The rising temperatures that Maryland has begun to see carry a number of risks for health crises. It’s important that residents know to prepare for how the heat can affect them and their loved ones.
 
The Department of Health and Mental Hygiene (DHMH) offers Marylanders a tips sheet for preparing for and managing the heat. It discusses ways to stay cool, as well as explains some of the illnesses associated with the heat.  You also can find similar information on our page here.
 
Heat stroke is a serious illness characterized by a body temperature greater than 105 degrees. Symptoms may include dry red skin, convulsions, disorientation, delirium and coma. Onset of heat stroke can be rapid; serious symptoms can occur within minutes. Treatment involves the rapid lowering of body temperature using a cool bath or wet towels. Keep victims of heat stroke in a cool area and immediately call 911.
 
Heat exhaustion is a milder form of heat stroke that may develop due to a combination of several days with high temperatures and dehydration in an individual. Signs of heat exhaustion include extreme weakness, muscle cramps, nausea or headache. Victims may also vomit or faint. Heat exhaustion is treated with plenty of liquids and rest in a cool, shaded area. Those on a low-sodium diet or with other health problems should contact a doctor.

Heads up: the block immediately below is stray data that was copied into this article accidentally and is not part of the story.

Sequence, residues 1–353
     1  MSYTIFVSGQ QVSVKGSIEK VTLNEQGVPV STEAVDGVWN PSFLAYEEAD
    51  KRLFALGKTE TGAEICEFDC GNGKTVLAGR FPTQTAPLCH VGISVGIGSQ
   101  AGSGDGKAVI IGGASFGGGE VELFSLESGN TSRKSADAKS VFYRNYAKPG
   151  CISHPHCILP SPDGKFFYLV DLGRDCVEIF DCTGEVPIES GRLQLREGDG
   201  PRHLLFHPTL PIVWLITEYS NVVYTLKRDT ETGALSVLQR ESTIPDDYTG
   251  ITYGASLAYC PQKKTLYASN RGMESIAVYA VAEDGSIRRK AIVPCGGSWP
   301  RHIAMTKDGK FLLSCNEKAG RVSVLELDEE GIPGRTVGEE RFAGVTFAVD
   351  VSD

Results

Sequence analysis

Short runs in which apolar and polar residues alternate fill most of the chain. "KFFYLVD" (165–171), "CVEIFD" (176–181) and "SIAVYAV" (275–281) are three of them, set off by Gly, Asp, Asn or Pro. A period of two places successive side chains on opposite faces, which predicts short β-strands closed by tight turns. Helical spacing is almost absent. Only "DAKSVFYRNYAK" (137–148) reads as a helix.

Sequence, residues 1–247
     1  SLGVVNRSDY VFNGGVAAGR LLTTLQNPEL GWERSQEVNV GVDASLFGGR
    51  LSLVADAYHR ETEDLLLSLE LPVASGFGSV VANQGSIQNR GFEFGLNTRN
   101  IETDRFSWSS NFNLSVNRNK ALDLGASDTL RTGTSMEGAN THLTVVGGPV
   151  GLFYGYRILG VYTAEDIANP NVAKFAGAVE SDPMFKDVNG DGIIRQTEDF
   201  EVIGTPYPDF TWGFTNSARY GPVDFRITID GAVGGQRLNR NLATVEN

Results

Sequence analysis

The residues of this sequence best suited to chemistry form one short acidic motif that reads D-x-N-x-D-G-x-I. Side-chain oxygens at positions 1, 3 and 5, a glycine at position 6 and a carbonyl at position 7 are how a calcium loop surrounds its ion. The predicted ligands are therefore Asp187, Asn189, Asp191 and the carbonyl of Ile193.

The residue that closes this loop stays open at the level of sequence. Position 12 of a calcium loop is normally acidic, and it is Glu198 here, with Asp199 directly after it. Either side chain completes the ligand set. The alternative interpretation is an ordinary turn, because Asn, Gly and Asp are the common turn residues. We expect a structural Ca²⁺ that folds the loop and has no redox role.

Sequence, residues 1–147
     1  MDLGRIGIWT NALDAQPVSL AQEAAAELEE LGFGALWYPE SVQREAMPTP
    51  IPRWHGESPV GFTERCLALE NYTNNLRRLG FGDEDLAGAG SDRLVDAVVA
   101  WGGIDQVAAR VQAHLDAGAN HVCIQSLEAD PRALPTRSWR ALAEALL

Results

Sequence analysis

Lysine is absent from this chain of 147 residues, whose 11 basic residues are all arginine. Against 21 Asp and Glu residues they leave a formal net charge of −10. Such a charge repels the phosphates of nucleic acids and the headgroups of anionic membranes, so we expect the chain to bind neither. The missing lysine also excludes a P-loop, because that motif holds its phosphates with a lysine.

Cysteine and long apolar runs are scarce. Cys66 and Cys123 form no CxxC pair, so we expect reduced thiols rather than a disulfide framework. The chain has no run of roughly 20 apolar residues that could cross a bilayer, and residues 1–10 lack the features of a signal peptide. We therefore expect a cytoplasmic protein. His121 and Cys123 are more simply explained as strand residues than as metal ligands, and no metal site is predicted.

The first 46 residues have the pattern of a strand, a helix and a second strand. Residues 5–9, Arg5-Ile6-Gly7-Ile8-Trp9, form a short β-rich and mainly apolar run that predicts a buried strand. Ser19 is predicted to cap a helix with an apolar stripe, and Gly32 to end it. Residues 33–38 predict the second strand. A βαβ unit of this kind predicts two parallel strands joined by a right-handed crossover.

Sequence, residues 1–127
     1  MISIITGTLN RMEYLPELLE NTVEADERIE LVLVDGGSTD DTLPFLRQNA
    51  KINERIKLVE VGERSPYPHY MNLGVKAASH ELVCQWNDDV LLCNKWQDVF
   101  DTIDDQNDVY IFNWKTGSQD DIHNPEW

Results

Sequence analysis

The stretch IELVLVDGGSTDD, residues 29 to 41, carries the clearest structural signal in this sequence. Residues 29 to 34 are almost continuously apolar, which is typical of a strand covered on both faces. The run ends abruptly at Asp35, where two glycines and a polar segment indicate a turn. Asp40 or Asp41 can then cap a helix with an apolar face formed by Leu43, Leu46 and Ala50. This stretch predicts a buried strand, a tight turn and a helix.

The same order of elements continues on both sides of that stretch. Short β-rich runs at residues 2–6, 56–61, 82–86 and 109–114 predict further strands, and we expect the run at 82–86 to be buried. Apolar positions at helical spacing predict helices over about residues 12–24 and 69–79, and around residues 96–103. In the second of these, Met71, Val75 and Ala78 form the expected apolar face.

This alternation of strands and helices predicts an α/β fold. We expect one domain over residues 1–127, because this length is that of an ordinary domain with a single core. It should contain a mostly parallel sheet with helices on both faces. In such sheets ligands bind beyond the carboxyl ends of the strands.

DHMH also has an extreme heat page with this downloadable listing of cooling centers found throughout the state. Again, if you or a loved one experiences a health emergency because of the heat (or for any other cause), dial 9-1-1.
 
Like DHMH does with cold weather-related incidents, the department posts weekly reports of illness related to the heat on our website. 
 
Every year, there are tragic incidents related to people leaving their young children or their pets in a hot car. NEVER leave pets or children in a car, even with the windows cracked. Sometimes, these incidents involve parents forgetting that their child is in a safety seat, when they leave their car. We’re reminding parents to remember to always pause to check those safety seats, to make sure they’re not forgetting their child. According to safekids.org, "young children are particularly at risk, as their bodies heat up three to five times faster than an adult's."